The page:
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Prime Minister Anthony Albanese pushes for continued support for Ukraine

An Armed Forces of Ukraine recruit and an Australian Army soldier defend their position while conducting battle inoculation training, as part of Operation Kudu in the United Kingdom. Image has been digitally altered for security purposes. Photo: LACW Emma Schwenke

Australian Prime Minister Anthony Albanese has called for continued international support for Ukraine, as the US stalls in its own military funding efforts.

Australian Prime Minister Anthony Albanese has called for continued international support for Ukraine, as the US stalls in its own military funding efforts.

The US Congress has put the US Defense Department’s supplemental funding request on hold with a two-week recess, after US$95 billion in funding was approved for Ukraine, Israel, and Taiwan by the Senate.

Prime Minister Albanese, following the federal government’s announcement of $50 million in additional support for Ukraine, said the conflict is of global importance.


“This is a struggle not just for the people of Ukraine. This is a struggle on behalf of all those who support the international rule of law, all those who want to see national sovereignty be respected, all those who want to see borders respected,” he said at a press conference in Perth, Western Australia, on 18 February.

“The people of Ukraine have been courageous in their fight against a much larger army and military. They have shown extraordinary bravery and courage.

“Australia stands with Ukraine, will continue to provide support, and just this week, we announced the additional $50 million of support.

Adding further urgency to the funding, Ukrainian troops were reportedly forced to retreat from the city of Avdiivka in Donbas, Eastern Ukraine, after being partially encircled by Russian military forces.

“If Ukraine fails because we fail to provide them with security assistance, the costs are high for Europe, for the United States, and for the world; higher than the cost of security assistance,” according to a senior US Defense official.

“We see this as something that could be the harbinger of what is to come if we do not get this supplemental funding.

“Without supplemental funding, not only can we not resupply those forces that are bravely trying to defend Avdiivka, we also will find many other locations along the forward line of troops that will be running low on supplies of critical ammunition.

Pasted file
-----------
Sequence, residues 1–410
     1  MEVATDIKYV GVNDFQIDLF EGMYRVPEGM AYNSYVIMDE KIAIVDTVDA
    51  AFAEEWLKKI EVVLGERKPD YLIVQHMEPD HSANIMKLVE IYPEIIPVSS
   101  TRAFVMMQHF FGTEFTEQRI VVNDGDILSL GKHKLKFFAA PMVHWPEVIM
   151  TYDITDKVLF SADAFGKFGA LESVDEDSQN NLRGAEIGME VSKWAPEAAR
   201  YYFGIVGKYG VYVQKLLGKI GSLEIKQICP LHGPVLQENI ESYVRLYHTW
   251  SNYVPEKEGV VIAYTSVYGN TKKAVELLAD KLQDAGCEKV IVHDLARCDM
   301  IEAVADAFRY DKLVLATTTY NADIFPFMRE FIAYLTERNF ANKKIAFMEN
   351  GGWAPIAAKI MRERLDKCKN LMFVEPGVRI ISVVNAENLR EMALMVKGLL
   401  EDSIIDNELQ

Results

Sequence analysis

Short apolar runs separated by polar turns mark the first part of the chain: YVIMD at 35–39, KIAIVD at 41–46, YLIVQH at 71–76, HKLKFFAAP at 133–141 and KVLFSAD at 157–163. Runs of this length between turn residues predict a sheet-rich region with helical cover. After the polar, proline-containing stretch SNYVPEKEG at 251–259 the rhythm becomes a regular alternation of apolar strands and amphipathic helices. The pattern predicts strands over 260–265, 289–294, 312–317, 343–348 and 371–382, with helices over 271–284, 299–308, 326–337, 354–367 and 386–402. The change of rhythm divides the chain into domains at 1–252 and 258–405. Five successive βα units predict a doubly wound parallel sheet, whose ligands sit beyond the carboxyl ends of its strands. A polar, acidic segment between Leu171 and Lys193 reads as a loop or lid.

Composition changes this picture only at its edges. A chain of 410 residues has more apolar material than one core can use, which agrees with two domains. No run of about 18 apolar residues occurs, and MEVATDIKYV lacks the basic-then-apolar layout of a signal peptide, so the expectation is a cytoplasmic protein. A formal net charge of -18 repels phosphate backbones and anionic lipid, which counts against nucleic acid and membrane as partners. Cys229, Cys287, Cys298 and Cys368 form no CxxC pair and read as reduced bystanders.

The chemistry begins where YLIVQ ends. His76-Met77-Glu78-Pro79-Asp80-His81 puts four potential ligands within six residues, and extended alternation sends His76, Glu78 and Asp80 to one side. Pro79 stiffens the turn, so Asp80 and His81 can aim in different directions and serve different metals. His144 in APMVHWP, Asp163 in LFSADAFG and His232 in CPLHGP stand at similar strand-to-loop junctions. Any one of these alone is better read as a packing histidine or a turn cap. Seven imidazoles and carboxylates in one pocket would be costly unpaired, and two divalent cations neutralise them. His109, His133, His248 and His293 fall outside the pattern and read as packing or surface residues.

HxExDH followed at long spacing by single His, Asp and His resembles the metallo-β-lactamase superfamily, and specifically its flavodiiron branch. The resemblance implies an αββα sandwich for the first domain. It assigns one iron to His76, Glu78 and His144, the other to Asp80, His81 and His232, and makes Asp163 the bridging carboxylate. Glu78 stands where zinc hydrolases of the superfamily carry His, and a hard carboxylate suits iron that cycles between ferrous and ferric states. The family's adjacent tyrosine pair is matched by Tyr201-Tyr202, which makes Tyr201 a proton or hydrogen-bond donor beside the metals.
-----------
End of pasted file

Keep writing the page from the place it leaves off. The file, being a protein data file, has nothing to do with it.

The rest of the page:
Ukraine will not have adequate air defence interceptors to defend its cities, critical infrastructure, and forward line of troops without supplemental funding, the official said.

Representatives from the US, Denmark, Estonia, France, Germany, Latvia, Lithuania, Luxembourg, the Netherlands, Norway, and the United Kingdom have also recently attended a Ukraine Defense Contact Group meeting.

Prime Minister Albanese also commented on news regarding Russian opposition leader Alexei Navalny, who died on 16 February this year while serving a 19-year prison sentence in a Russian Arctic penal colony.

“I will say about Alexei, and the treatment of him, that we hold Vladimir Putin responsible. This has been an appalling atrocity,” PM Albanese said during the press conference in Perth.

“This is a brave man who has stood up for democratic values and human rights in Russia, in his country.

“His treatment is just beyond the pale, and we hold Vladimir Putin responsible for that.”

Navalny, who faced charges of embezzlement and extremism while in Russia, was also poisoned with Novichok nerve agent in August 2020 and barred from standing in Russian presidential elections.

PM Albanese said Australia is shocked and saddened by the tragic news of Navalny’s death.

“Vladimir Putin is an authoritarian, and we have a divide in the world between authoritarian regimes and democracies,” he said.

“We cannot take democracy for granted; we need to cherish it and nurture it. And we need to call out the behaviour of authoritarians like Vladimir Putin.”

Robert Dougherty

Robert Dougherty

Robert is a senior journalist who has previously worked for Seven West Media in Western Australia, as well as Fairfax Media and Australian Community Media in New South Wales. He has produced national headlines, photography and videography of emergency services, business, community, defence and government news across Australia. Robert graduated with a Bachelor of Arts, Majoring in Public Relations and Journalism at Curtin University, attended student exchange program with Fudan University and holds Tier 1 General Advice certification for Kaplan Professional. Reach out via email at This email address is being protected from spambots. You need JavaScript enabled to view it. or via LinkedIn.
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